The 43rd president of the United States stole the show of the inauguration with and his costar: his rain poncho. Former president George W. Bush struggled with the plastic sheet for several minutes until he ultimately gave up and simply wrapped it around his head. But, he wasn’t the only one to struggle with his rain poncho. Looking closer at photos from the event one will notice that his mother, former first lady Barbara Bush, also seemed confused by the rain protector. Maybe it’s a genetic thing? The takeaway: 43 should stay away from ponchos. Vanity Fair noted that this isn’t the first time the former president struggled with this article of clothing. In 2009, while in Lima, he was caught on camera having similar struggles while sporting a traditional Peruvian poncho.

Jared Kushner
and Ivanka Trump made it no secret that they were house hunting in the nation’s capital after Election Day. They were poised to become a power couple par excellence and take Washington by storm. Instead, missteps and scandals have, ten months after inauguration, left the couple labeled as the “exiles on Pennsylvania Ave.” Kushner has reportedly told friends that he and his wife debate going back to New York every few months.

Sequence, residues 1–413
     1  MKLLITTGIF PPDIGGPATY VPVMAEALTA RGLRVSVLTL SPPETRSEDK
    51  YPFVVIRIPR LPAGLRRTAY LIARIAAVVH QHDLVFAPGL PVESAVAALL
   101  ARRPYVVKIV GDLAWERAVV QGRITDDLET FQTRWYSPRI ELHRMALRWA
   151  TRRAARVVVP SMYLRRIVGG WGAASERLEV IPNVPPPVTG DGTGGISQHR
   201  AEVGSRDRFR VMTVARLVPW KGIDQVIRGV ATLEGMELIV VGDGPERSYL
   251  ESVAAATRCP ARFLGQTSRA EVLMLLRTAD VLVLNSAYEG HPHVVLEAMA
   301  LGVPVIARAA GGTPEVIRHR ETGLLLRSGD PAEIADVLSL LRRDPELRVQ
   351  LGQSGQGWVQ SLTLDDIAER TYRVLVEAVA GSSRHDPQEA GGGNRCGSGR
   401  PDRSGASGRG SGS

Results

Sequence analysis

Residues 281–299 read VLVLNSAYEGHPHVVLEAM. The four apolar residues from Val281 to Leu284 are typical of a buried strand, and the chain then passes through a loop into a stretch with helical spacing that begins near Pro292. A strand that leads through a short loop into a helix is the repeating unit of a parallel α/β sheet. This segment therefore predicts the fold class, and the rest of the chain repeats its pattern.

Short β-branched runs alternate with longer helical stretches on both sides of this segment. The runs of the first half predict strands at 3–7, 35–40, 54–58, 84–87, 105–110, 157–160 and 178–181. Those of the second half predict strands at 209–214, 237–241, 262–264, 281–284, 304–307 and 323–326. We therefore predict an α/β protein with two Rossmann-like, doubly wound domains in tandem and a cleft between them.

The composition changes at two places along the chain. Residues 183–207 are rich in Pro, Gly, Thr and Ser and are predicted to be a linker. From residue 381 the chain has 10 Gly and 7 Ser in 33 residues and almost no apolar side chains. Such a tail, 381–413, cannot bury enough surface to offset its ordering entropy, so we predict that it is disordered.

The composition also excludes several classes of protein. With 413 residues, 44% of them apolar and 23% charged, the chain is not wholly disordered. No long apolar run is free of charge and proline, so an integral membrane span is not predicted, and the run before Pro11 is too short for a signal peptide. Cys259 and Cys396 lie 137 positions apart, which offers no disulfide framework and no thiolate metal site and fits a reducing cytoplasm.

Many Americans traveled from their homes to be able to watch the historic moment of this summer’s eclipse at its peak. But how about Secretary of the Treasury Steven Mnuchin and his wife, Louise Linton? Reports show the couple flew to Kentucky on a government plane that day, ostensibly to visit Senate Majority Leader Mitch McConnell, who just happens to live right along the path of the totality of the eclipse. Mnuchin claimed he had no interest in the eclipse because he’s a New Yorker. According to Politico he said, “You know, people in Kentucky took this stuff very serious,” followed by, “Being a New Yorker... I was like, the eclipse? Really? I don’t have any interest in watching the eclipse.” Despite his expressed Northeastern blasé, though, the picture told the tale.